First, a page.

Nick's research project
involves bioaerosol sampling by means of filtration, to determine
normal background concentrations, of selected bacteria and virus
aerosols in buildings in the United States, at selected locations.
Ventilation filters are removed from air handling units within large
public buildings to be analyzed for harmful bioaerosols. These
filters are basically being used as passive high volume air samplers
for bioaerosol particles. This data is time integrated over 3 month
periods, as we are sampling for each season out of the year. After
the filters have been removed, samples are cut from each filter.
These samples are then eluted to remove any bacteria and/or viruses
from the filter media. The bacteria is cultured on growth plates or
identified by Polymerase Chain Reaction (PCR) methods. The viruses
are analyzed using PCR methods or egg inoculation methods to see if
they are viable. After the bacteria and viruses have been detected,
comparisons will be able to be made between locations and seasons.
The virus and bacteria detection and identification is done by
researchers at the Department of Environmental Health and the
Veterinary Diagnostics Laboratory in St. Paul.
Department of Homeland
Security Research Description:
A recent research project
involved bioaerosol sampling by means of filtration to determine
normal background concentrations of selected bacteria and virus
aerosols in large public buildings in the United States at selected
locations. Ventilation filters were removed from four air handling
units within each building to be analyzed for collected bioaerosols.
Figure 1 shows a typical air handling unit for a commercial
building. The filters were basically being used as passive high
volume air samplers for bioaerosol particles. These data are time
integrated over 3 month periods, as we were sampling for each season
out of the year. After the filters had been removed, samples were
cut from each filter and then eluted to remove any captured bacteria
and/or viruses from the filter media. The bacteria were cultured on
growth plates or identified by Polymerase Chain Reaction (PCR)
methods. The viruses were analyzed using PCR methods or egg
inoculation methods to see if they are viable.
After the bacteria and viruses have been identified, comparisons
will be made between building locations and seasons of the year.
The virus and bacteria detection and identification is performed by
researchers in the Department of Environmental Health and the
Veterinary Diagnostics Laboratory in St. Paul.
Figure 1: Schematic of a Typical Air
Handling Unit for a Commercial Building
Center for Filtration Research Project Description:
A current research project involves measuring total lung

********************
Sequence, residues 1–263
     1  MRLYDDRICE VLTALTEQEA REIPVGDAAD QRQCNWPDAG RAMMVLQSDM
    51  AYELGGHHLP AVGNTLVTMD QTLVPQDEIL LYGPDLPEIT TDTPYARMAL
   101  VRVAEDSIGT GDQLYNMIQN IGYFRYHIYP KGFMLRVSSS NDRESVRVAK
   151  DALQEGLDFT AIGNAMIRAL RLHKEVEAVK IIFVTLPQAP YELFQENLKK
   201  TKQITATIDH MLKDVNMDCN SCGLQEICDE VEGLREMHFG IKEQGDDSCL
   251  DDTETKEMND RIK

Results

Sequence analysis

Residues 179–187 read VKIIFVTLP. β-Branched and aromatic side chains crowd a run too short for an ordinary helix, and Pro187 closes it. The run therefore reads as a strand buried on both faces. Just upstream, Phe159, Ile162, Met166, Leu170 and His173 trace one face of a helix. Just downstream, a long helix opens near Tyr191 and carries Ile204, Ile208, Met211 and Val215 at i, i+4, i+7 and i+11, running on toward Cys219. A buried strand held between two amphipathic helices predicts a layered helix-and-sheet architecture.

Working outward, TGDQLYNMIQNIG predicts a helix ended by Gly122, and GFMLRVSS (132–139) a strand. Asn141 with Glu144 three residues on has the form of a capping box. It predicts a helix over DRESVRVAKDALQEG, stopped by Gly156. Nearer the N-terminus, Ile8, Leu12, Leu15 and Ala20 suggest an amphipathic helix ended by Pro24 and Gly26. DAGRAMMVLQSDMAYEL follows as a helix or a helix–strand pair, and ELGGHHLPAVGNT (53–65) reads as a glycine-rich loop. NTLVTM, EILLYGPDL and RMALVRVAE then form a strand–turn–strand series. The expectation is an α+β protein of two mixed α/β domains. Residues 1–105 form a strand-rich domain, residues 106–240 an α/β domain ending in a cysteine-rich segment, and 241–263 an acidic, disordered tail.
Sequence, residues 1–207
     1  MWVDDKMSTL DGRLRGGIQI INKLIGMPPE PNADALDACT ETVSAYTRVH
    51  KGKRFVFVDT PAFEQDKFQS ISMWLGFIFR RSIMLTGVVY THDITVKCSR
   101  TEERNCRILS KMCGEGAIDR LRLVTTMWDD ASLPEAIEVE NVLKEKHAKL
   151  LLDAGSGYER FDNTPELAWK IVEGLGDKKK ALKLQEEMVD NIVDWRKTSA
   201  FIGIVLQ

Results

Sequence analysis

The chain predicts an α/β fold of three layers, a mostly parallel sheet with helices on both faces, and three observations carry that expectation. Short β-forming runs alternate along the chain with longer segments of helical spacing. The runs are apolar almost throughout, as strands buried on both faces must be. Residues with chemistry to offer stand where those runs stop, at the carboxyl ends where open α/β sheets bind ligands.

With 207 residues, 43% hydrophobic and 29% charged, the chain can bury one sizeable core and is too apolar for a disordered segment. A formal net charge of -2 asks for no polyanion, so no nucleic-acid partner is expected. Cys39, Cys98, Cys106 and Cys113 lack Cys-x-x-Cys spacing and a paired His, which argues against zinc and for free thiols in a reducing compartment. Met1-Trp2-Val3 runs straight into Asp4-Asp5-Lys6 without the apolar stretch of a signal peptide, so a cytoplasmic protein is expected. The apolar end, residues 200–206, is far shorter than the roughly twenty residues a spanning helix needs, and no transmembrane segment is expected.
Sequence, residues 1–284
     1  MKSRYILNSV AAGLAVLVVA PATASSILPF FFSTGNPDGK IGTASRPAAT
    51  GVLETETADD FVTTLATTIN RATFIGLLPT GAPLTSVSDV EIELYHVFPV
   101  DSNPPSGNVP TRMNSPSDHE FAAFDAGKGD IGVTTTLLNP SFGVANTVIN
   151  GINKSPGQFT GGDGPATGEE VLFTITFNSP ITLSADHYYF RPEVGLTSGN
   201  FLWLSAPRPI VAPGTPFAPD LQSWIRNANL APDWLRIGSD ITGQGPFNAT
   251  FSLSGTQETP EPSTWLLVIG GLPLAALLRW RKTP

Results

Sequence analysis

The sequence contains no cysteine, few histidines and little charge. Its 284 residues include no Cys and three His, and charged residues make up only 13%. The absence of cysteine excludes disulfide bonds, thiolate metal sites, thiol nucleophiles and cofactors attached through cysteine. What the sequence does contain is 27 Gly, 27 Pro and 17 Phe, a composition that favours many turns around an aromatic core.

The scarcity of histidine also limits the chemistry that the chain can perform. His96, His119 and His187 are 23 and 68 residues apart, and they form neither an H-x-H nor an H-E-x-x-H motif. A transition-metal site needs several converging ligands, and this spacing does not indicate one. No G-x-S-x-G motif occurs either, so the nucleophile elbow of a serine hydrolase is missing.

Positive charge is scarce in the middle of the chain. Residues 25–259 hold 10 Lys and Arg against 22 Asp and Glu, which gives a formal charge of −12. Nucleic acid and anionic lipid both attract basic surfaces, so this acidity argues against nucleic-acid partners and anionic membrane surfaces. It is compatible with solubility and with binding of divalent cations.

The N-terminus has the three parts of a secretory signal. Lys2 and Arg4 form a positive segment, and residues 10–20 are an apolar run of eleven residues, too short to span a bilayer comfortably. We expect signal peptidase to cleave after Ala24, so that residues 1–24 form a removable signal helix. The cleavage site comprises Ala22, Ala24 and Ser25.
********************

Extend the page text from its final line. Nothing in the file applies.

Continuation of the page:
deposited particle surface area with two aerosol instruments to
generate a new Health Index filter efficiency. This method of
aerosol sampling can also be used to determine the effectiveness of
the Nanoparticle Surface Area Monitor (NSAM) compared to a Scanning
Mobility Particle Sizer (SMPS). The NSAM directly measures the
total amount of particle surface area deposited into certain regions
of the human lung. The SMPS is able to measure particle
concentrations of different sizes within a defined size range, but
the SMPS measurements need to be manually integrated to correspond
with the NSAM results. This integration includes correcting the SMPS measurements for the specific region of the lung using
deposition curves for a reference worker, as outlined by ACGIH.
These curves can be seen below in Figure 2. The two regions of the
lung being observed are the Alveolar and Tracheobronchial regions
and are illustrated in Figure 3 below.
An ASHRAE 52.2-1999 Classified Wind Tunnel (see Figure 4) is used
as the test facility for the injected aerosols. The fan speed can
be adjusted to control the aerosol concentration. Three fan speeds
were used to produce three different air flow rates of 500, 1000,
and 2000 cfm. A Constant Output Atomizer (COA) is used to produce a
polydisperse aerosol, which is injected into the wind tunnel.
Different solutions of NaCl are used to produce different
concentrations of particles to be sampled. Silver nanoparticles,
produced by a furnace; and a DOS solution, aerosolized with the COA,
will also be used to test this setup. Sampling is made upstream and
downstream of the filter being tested. These upstream and
downstream concentrations are then used to determine an efficiency
of the test filter based on lung deposited surface area.
Figure 2: Deposition Curves for a
Reference Worker (ACGIH)
Figure 3: Various
Regions of the Human Lung (NSAM Spec
Figure 4: ASHRAE 52.2 ¨C 1999 Classified
Located in Room ME 357
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